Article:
Centrica Plc, the U.K.’s largest household energy supplier, signed a 20-year deal to import natural gas from the U.S., securing supplies as production from British North Sea fields decline.
Centrica will buy 1.75 million metric tons a year of liquefied natural gas from Cheniere Energy Inc.’s Sabine Pass plant in Louisiana, the Windsor, England-based company said today. That’s equivalent to the demand of 1.8 million U.K. homes. The deal can be extended for another 10 years, it said. Prices will be linked to Henry Hub, the U.S. gas benchmark, and deliveries will start in September 2018.
The deal shows the U.S.’s emergence as a natural gas exporter after fracking technology created a glut of fuel, sending prices to decade lows. In contrast, U.K. gas prices spiked to a seven-year high last week after a fault on a Belgian pipeline, raising concern that Britain is vulnerable to supply shortages as indigenous production slumps.
“It’s a nice contract to have if the fundamentals that exist today are there in five years’ time,” Iain Turner, a utilities analyst at Exane BNP Paribas in London, said by phone. “It’s a sensible sort of move.”
The contract sales price will be $3 per million British thermal units plus 115 percent of the settlement price traded on the New York Mercantile Exchange’s Henry Hub for the month in which the cargo is scheduled, Cheniere said today in a filing. Henry Hub in Erath, Louisiana, is the delivery point for Nymex futures, a benchmark price for the fuel.
Natural gas in the U.S. traded at $3.94 at 4:57 p.m. London time, meaning Centrica would pay $7.53 per million Btu under the contract terms. In the U.K., the front-month contract was at 73.90 pence per therm, or $11.21 per million Btu.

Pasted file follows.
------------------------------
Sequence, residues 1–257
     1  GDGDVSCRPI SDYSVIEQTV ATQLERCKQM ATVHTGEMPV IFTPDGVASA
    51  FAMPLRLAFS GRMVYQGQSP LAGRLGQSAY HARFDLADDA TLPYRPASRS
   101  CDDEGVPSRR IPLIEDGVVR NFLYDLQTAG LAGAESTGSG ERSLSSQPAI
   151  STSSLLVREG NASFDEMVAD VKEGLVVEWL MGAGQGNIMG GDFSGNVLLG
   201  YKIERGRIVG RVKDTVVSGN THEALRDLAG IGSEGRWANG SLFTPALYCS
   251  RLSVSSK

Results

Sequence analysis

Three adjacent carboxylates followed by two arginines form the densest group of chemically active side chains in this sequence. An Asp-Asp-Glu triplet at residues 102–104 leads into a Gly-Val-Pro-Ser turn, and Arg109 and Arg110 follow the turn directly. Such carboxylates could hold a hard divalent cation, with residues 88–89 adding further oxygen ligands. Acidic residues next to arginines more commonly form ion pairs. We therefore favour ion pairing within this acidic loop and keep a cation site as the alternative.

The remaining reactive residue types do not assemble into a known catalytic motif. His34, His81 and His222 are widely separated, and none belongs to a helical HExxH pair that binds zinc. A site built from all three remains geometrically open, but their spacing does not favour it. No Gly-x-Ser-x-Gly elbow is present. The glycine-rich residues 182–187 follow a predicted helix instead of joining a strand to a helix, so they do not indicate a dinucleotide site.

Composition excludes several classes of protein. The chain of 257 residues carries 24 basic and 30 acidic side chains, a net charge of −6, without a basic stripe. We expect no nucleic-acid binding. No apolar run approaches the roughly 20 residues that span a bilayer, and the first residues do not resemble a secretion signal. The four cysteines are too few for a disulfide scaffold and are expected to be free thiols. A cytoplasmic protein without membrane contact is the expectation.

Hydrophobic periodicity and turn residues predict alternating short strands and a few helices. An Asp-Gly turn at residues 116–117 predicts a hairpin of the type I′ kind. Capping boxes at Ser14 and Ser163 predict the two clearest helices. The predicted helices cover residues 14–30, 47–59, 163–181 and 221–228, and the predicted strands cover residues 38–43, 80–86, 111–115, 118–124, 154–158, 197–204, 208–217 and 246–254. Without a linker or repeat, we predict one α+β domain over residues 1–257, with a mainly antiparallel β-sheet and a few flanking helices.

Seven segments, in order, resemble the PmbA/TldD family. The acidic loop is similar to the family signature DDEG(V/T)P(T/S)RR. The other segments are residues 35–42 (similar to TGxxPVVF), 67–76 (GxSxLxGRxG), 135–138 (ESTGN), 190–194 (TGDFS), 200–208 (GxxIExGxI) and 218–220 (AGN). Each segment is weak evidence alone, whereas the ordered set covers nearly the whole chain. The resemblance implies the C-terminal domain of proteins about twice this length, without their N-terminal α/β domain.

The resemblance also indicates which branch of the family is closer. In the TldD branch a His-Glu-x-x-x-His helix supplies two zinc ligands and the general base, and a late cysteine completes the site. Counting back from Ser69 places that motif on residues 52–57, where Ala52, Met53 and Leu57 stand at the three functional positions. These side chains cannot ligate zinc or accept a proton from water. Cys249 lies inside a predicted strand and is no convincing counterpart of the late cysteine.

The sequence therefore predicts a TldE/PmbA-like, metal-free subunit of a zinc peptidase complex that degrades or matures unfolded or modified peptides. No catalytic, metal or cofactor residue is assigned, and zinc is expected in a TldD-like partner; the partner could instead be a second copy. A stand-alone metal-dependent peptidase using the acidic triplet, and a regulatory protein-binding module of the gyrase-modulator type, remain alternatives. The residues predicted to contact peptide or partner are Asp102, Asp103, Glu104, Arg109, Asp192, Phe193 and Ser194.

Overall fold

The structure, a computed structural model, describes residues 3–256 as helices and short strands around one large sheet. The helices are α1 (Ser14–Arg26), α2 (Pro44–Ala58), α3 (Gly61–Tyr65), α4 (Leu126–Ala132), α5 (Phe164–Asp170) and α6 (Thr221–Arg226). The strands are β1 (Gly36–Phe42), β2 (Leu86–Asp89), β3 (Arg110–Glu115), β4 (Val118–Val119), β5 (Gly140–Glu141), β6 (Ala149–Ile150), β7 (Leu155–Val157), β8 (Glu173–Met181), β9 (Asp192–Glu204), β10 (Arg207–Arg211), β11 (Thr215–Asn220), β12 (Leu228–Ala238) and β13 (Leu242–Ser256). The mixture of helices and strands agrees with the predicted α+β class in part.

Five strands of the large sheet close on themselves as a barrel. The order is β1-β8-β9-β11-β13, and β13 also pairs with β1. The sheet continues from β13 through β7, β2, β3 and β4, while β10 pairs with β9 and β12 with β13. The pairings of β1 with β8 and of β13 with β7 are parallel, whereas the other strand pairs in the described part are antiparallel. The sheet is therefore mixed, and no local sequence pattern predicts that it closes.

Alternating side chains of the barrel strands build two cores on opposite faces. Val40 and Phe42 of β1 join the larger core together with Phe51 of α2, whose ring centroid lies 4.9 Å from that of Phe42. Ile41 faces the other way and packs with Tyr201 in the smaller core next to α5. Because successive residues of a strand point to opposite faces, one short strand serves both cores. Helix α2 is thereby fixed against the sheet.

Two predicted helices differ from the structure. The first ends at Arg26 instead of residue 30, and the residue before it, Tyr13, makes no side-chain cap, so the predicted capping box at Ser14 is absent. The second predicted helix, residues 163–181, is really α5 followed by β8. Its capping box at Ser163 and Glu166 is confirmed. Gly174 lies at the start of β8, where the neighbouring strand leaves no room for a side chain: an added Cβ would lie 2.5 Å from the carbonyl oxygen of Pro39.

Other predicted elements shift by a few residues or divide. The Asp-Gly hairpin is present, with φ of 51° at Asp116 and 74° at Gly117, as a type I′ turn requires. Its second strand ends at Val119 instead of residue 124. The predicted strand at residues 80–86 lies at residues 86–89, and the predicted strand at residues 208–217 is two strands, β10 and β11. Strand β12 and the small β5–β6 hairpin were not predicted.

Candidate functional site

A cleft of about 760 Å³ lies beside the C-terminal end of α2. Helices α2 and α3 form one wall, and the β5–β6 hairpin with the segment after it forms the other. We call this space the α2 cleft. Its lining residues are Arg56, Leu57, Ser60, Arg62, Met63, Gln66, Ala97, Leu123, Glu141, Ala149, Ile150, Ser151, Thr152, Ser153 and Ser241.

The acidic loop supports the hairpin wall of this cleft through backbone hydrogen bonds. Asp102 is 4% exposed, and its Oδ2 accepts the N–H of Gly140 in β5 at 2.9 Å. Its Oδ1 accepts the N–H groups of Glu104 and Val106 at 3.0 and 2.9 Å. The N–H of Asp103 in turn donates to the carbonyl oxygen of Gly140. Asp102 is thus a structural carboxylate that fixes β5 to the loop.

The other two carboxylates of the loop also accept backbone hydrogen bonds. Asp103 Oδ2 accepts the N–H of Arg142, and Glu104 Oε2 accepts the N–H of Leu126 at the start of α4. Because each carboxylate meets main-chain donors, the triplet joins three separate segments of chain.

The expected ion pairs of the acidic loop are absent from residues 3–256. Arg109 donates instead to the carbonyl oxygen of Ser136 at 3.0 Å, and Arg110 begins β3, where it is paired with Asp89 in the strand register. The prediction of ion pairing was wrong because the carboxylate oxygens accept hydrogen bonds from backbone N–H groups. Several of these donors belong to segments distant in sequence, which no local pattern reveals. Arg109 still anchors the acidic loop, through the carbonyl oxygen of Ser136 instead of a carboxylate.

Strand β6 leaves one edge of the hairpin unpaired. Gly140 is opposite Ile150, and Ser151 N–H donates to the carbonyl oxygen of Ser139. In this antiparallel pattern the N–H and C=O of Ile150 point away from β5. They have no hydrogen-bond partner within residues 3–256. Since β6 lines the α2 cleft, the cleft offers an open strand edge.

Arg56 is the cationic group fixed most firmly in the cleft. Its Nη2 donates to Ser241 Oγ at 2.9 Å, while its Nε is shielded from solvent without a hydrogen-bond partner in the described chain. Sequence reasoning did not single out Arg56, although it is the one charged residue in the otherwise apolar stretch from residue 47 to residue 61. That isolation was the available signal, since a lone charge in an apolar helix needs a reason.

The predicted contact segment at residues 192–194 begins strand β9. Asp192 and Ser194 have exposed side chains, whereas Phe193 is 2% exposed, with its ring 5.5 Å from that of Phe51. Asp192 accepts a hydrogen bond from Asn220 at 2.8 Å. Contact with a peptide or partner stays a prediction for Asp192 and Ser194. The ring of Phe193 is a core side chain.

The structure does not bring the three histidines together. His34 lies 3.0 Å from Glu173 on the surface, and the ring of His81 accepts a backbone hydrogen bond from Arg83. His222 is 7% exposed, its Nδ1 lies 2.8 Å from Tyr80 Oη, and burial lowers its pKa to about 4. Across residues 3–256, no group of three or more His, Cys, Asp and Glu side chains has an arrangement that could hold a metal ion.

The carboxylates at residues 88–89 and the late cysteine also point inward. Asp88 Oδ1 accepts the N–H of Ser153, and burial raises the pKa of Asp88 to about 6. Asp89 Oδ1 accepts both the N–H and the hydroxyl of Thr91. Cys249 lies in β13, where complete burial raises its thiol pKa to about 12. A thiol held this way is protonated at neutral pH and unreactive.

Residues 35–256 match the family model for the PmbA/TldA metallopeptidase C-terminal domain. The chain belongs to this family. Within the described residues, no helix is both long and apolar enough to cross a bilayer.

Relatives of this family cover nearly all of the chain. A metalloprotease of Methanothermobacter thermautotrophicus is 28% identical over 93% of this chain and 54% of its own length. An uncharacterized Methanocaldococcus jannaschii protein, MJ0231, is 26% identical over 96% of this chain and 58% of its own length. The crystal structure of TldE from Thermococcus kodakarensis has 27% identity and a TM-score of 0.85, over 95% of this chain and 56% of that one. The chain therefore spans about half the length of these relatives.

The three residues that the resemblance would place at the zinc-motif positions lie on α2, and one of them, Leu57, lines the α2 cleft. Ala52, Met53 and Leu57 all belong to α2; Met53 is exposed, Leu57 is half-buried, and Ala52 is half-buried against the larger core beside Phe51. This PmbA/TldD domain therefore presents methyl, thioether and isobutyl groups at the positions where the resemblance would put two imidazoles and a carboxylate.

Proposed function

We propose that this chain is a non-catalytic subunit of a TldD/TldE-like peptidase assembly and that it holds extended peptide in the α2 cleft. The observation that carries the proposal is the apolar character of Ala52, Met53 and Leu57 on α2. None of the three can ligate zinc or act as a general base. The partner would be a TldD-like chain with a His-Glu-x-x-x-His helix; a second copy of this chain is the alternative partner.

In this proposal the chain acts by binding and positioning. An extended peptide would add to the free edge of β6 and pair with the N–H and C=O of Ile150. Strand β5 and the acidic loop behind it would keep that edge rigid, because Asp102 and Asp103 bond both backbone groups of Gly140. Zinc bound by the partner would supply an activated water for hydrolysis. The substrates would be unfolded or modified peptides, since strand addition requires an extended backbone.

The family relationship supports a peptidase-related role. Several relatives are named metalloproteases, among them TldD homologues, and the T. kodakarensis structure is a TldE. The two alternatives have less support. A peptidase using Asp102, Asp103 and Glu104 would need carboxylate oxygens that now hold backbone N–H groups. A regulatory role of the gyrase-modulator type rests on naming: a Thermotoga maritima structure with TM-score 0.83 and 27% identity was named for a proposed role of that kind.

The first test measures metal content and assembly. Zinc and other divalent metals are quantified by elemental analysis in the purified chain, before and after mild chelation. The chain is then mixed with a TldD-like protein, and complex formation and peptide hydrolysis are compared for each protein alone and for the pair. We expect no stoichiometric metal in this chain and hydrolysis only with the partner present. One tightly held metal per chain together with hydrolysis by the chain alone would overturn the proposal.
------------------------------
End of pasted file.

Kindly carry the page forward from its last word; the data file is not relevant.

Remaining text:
The cost of shipping LNG to Europe from the U.S. is estimated at $1.85 per million Btu, according to a presentation by Jean Abiteboul, Cheniere’s president of supply and marketing, in Amsterdam on March 11.
In February 2011, Centrica signed a three-year LNG contract with Qatar Liquefied Gas Co. for 2.4 million tons of the fuel annually. QatarGas, as the company is known, is the world’s biggest LNG producer.
Centrica gained 1.3 percent to 362.10 pence by the London close, valuing the company at 18.8 billion pounds ($29 billion).
“I warmly welcome this commercial agreement between Centrica and Cheniere,” U.K. Prime Minster David Cameron said in the statement. “Future gas supplies from the U.S. will help diversify our energy mix and provide British consumers with a new long-term, secure and affordable source of fuel.”
Sabine Pass is the only project so far to obtain full U.S. approval for an LNG export terminal outside of Alaska. Cheniere has said the proposed gas export facility may start up in 2015, with as many as six units operating there in the future.
The gas for Centrica would come from the fifth unit, or train, on which preliminary engineering work has already begun, the U.K. company said, adding it will buy the LNG on a “free-on-board” basis, meaning it can choose where to send the fuel.
Existing Cheniere customers include BG Group Plc, Korea Gas Corp., Gail India Ltd. and Spain’s Gas Natural SDG SA.